Meditation “Headaches”

All chakra activating practices, according to traditional approaches, that is, the classical yogic approaches, require safe and gentle exercises to assure healthy progress. Traditionally, ‘shambhavi mudra’, the practice of breath + meditation + chant + particular posture + visualization is the standard go to for 3rd eye focus. This in conjunction with basic ‘pranayama’ and lifestyle practices. Pressure in the head is a tell-tale sign of force and you should back off of practices that are leading to that. Practices of ‘force’ which stimulate the body into activation mode such as holding the breath or intentionally creating pressure at various locations in the body can cause more harm than good if you don’t know what you’re doing and/or disregard the signs of imbalance. Headaches, for instance, are not a good sign. For your reference:

Regarding the pathophysiology of cerebrospinal fluid, disruption of CSF homeostasis can result in overproduction or decreased absorption of CSF, both of which may result in pathologies; one of interest is hydrocephalus. Obstruction anywhere in the ventricular system may result in increased intracranial pressure, which can create cascades of brain abnormalities, including cell death, inflammatory cell response, and cell shedding from the ventricular wall, or manipulation of the biochemical response of the cells.

That being said, please understand that if you are generally healthy, your spinal fluid is flowing precisely as it should, and nothing in the yogic practices encourages you to modulate that flow in any way. When the yogin talk about something rising upward from the pelvic floor into the third eye, we are speaking about ‘prana’, the life force, energy, a very subtle air – not a fluid – and it is not forced with pressure, even if some practices call for a very minor pressure to be exerted at the perineum either by placing the heel of your foot there during some yogic asana, or with a gentle squeeze and hold, called bandha, during other practices. Nothing is to be forced, friends. Slowly gently is the way.

Occam’s Razor

Reiki is not generally a forceful practice, making use of the body’s natural generation of thermodynamic energy and visualization coupled with non-local delivery of intention. There really isn’t much in the way of a physical or mental practice that can be considered forceful, unless too much concentration gives you a headache, but there’s no real danger to that. Observe yourself. The simplest explanation is usually the correct one. Be gentle with yourself and your practices. Are you holding stress? Do you know what you’re doing? Or are you following a YouTube tutorial blindly? Be careful. Treat yourself with integrity. Be impeccable with your approach. Feel your way at all times and let your mind be a trusted tool to help you discern the goings on in the various sheaths of Self.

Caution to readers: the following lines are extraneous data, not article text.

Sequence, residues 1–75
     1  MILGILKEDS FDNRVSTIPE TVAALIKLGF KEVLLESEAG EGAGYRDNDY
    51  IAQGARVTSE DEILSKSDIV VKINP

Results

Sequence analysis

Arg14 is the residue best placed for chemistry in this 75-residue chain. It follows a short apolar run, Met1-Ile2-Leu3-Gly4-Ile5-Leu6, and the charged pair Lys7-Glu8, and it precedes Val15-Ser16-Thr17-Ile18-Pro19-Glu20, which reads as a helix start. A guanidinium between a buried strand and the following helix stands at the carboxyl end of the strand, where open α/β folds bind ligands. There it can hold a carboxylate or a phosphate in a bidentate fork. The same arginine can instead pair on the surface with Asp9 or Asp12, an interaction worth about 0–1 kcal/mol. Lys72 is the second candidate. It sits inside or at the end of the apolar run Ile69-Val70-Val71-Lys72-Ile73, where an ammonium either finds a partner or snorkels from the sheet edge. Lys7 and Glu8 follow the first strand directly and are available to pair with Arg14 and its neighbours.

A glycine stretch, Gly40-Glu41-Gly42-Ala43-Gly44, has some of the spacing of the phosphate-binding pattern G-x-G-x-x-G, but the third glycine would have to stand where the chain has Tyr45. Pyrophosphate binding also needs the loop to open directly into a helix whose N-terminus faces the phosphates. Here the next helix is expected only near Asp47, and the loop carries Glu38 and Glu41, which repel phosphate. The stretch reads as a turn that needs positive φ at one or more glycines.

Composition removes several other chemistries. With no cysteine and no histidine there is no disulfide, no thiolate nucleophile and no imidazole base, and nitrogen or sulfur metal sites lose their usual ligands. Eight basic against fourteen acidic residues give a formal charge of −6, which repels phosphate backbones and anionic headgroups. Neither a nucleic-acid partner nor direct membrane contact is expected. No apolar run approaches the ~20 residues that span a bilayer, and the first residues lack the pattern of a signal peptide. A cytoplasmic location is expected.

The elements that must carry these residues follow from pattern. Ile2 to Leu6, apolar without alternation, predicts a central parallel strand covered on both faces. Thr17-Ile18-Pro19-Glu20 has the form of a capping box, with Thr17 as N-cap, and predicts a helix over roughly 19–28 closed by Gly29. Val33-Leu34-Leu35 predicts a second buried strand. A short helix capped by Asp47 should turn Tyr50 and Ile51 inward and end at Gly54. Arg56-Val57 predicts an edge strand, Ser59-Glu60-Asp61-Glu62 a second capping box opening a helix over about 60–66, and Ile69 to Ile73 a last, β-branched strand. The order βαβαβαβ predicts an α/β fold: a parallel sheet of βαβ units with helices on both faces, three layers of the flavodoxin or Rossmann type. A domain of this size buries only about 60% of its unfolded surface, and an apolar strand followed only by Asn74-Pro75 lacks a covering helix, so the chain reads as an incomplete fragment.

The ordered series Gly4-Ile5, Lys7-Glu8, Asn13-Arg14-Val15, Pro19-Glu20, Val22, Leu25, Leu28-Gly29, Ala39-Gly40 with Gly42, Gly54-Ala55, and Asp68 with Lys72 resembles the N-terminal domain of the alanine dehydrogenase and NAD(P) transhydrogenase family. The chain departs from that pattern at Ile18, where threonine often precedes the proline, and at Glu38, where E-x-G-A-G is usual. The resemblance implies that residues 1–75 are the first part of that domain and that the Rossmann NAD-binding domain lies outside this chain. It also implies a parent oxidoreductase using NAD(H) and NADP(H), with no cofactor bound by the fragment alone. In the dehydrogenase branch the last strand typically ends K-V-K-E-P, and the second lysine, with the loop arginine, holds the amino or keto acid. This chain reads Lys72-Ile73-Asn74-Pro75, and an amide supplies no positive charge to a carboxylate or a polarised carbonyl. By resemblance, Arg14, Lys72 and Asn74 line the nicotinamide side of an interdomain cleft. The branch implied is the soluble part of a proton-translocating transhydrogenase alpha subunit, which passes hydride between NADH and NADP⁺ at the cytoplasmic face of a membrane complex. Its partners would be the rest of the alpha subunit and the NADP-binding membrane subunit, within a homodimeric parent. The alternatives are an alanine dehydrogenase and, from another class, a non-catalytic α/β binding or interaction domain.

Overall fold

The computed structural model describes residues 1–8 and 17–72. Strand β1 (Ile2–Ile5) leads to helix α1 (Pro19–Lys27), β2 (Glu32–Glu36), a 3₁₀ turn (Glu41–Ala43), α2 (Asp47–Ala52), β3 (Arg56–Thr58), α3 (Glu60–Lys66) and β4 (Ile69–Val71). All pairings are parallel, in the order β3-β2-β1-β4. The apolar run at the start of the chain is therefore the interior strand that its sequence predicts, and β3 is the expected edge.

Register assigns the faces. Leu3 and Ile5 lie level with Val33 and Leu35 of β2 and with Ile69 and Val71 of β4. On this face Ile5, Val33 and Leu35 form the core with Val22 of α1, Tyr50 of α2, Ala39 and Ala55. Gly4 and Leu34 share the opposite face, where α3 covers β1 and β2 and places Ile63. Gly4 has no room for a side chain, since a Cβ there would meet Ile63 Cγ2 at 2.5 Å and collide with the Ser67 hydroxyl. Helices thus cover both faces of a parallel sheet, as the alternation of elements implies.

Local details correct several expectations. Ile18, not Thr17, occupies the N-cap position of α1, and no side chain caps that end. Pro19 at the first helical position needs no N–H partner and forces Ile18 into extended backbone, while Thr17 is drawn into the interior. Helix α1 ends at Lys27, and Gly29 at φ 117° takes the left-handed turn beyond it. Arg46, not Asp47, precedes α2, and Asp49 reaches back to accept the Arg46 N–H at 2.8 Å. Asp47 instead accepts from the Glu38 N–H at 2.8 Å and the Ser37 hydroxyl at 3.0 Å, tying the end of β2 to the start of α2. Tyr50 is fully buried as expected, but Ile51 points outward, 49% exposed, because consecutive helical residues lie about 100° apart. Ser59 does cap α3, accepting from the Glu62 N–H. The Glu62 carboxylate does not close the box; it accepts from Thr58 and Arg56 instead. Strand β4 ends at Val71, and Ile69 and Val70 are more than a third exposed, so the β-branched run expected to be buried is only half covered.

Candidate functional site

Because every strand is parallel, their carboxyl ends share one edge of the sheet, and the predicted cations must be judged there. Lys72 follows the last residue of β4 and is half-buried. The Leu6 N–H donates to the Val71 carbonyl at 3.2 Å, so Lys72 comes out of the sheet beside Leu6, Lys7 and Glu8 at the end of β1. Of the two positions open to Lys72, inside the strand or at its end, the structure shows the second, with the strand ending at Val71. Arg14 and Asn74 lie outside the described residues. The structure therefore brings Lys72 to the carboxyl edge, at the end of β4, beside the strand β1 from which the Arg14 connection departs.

Frequency Modulation and the Electromagnetism

The connection between Nature rhythms and the body is an established fact on too many levels to go into, and yet the science of objectivity still does not bear out certain things in the lab. EM correlation has garnered a lot of interest, and logic alone whispers of a mysterious potential in the interaction of forces, but statistics aren’t very revealing yet. This by way of saying that there are generally ready explanations for most conditions of imbalance without invoking the vaguely verifiable, or worse, the downright ludicrous.

By all means, stay true to your sensibilities. It’s actually not difficult to find rational and verifiable causation for most observed results. Let’s leave outliers by the wayside acknowledging that they exist, while understanding that they are called outliers for a reason. William of Ockham was actually quite a bright fellow and it’s fellows like these that we should enjoy learning from.

Frequency modulation on the other hand deserves a bit of your attention. Running the gamut between Beta and Gamma wave output can be quite exhausting to some and easily put an unsuspecting body off balance, too. ‘Trying’ to meditate can often create more stress than it relieves as we ‘try’ to maintain a posture and end up putting more tension into our shoulders and jaws than were there before we started, or causing ourselves to hyperventilate with breathing practices approached too passionately.

Consider also the flight between alpha and theta states with a quick return to beta when you open your eyes and engage the world immediately. If diving too deeply can bring on narcosis due to nitrogen buildup in the brain, or the bends from too rapid of an ascent back to surface, it’s not a stretch of the imagination to consider that the same may be said of psycho-physio forays into the depths as well.

Take care; do your research. Be observant and aware. Slowly, gently. No hurries, no worries. You’ll definitely reach the goal.